Chemosensitization of Trypanosoma congolense strains resistant to isometamidium chloride by tetracyclines and enrofloxacin

V Delespaux, HS Vitouley, T Marcotty, N Speybroeck, D Berkvens, K Roy, S Geerts, P Van den Bossche

    Research output: Contribution to journalA1: Web of Science-articlepeer-review


    BACKGROUND: Because of the development of resistance in trypanosomes to trypanocidal drugs, the livelihood of millions of livestock keepers in sub-Saharan Africa is threatened now more than ever. The existing compounds have become virtually useless and pharmaceutical companies are not keen on investing in the development of new trypanocides. We may have found a breakthrough in the treatment of resistant trypanosomal infections, through the combination of the trypanocide isometamidium chloride (ISM) with two affordable veterinary antibiotics. METHODOLOGY/PRINCIPAL FINDINGS: In a first experiment, groups of mice were inoculated with Trypanosoma congolense strains resistant to ISM and either left untreated or treated with (i) tetracycline, (ii) ISM or (iii) the combination of the antibiotic and the trypanocide. Survival analysis showed that there was a significant effect of treatment and resistance to treatment on the survival time. The groups treated with ISM (with or without antibiotic) survived significantly longer than the groups that were not treated with ISM (P<0.01). The group treated with the combination trypanocide/antibiotic survived significantly longer than the group treated with ISM (P<0.01). In a second experiment, groups of cattle were inoculated with the same resistant trypanosome strain and treated with (i) ISM, (ii) ISM associated with oxytetracycline or (iii) ISM associated with enrofloxacine. All animals treated with ISM became parasitaemic. In the groups treated with ISM-oxytetracycline and ISM-enrofloxacine, 50% of the animals were cured. Animals from the groups treated with a combination trypanocide/antibiotic presented a significantly longer prepatent period than animals treated with ISM (p<0.001). The impact of the disease on the haematocrit was low in all ISM treated groups. Yet, it was lower in the groups treated with the combination trypanocide/antibiotic (p<0.01). CONCLUSIONS/SIGNIFICANCE: After optimization of the administration protocol, this new therapeutic combination could constitute a promising treatment for livestock infected with drug resistant T. congolense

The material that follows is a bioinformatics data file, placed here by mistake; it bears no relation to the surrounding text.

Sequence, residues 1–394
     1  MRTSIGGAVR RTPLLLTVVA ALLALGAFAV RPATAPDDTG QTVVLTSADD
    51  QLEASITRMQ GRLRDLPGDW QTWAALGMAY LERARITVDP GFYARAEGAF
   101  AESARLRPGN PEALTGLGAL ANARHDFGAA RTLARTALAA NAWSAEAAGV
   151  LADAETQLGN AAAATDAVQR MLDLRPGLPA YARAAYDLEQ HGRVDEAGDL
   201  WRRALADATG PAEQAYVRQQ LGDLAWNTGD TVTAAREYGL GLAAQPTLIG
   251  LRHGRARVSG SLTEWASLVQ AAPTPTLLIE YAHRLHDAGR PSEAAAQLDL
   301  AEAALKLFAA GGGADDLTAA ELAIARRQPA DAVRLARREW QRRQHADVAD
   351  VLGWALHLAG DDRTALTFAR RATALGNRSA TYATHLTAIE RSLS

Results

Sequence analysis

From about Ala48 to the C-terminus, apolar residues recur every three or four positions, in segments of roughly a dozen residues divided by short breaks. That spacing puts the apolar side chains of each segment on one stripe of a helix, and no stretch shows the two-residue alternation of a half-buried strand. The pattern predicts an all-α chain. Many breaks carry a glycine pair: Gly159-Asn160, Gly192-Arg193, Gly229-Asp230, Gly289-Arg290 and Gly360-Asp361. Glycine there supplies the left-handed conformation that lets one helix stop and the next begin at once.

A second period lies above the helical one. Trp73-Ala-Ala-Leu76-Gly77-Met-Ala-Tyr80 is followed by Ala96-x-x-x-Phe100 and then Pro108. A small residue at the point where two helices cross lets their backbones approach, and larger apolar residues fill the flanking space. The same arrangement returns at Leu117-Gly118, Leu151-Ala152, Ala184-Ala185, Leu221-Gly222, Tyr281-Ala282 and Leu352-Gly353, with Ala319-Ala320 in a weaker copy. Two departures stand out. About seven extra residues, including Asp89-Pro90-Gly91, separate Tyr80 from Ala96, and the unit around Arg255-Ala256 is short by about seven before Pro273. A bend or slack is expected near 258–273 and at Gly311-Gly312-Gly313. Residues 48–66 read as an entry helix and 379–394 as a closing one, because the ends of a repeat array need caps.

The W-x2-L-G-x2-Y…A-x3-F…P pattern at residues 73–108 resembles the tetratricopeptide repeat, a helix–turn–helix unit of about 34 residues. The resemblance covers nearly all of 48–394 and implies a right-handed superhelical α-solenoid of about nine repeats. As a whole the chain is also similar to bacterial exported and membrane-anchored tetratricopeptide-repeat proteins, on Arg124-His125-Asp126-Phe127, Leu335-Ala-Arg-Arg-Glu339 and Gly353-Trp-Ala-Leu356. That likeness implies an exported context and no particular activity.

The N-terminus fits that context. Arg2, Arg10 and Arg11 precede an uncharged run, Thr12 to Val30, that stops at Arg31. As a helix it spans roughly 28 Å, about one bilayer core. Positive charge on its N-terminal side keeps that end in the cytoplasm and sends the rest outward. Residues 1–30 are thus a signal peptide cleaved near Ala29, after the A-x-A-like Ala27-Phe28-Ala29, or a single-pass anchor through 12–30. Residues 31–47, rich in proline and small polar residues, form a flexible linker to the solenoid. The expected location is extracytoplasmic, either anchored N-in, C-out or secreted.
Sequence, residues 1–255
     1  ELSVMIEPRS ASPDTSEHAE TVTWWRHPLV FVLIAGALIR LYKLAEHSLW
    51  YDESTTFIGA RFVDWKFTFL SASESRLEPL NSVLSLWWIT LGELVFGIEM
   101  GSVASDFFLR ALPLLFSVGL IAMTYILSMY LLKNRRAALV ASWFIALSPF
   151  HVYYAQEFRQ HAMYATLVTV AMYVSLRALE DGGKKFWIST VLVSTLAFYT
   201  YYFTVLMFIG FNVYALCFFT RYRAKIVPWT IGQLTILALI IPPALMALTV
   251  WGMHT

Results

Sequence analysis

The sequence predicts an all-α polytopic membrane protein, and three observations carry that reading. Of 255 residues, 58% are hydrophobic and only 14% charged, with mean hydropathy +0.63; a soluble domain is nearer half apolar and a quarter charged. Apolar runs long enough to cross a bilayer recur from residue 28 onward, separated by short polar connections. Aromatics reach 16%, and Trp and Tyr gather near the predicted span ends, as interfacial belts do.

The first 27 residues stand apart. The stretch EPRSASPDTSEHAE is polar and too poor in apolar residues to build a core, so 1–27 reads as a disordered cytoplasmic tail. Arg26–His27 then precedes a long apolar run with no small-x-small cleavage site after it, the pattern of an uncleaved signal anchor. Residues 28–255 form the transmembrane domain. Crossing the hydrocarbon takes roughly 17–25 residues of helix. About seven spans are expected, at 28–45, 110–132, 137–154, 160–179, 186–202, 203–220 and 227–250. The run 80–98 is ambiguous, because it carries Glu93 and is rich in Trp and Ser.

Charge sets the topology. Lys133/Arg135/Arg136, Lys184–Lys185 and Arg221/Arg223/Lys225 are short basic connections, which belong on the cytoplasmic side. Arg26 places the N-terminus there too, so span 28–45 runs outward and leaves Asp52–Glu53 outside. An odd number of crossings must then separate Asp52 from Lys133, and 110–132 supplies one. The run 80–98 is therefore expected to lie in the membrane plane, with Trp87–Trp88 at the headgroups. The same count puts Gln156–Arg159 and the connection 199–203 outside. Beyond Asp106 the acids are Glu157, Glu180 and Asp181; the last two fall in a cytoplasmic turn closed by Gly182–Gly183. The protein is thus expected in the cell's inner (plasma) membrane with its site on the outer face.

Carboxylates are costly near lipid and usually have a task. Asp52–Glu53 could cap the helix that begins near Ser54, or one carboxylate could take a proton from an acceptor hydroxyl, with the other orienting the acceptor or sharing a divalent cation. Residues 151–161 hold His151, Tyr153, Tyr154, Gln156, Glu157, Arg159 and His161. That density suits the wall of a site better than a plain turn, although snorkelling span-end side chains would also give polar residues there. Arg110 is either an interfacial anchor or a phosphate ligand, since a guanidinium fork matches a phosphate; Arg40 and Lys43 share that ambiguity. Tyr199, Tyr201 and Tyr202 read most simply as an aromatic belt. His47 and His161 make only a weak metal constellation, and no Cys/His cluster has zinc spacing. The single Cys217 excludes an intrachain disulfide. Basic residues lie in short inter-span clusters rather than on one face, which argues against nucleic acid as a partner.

Original languageEnglish
    JournalPLoS Neglected Tropical Diseases
    Issue number9
    Pages (from-to)e828
    Publication statusPublished - 2010


    • B780-tropical-medicine
    • Animal diseases
    • Bovine
    • Trypanosomiasis
    • Trypanosoma congolense
    • Livestock
    • Cattle
    • Drug resistance
    • Trypanocides
    • Treatment
    • Sensitization
    • Isometamidium chloride
    • Tetracycline
    • Enrofloxacin
    • Antibiotics
    • Combination therapy
    • Clinical trials
    • Treatment outcome


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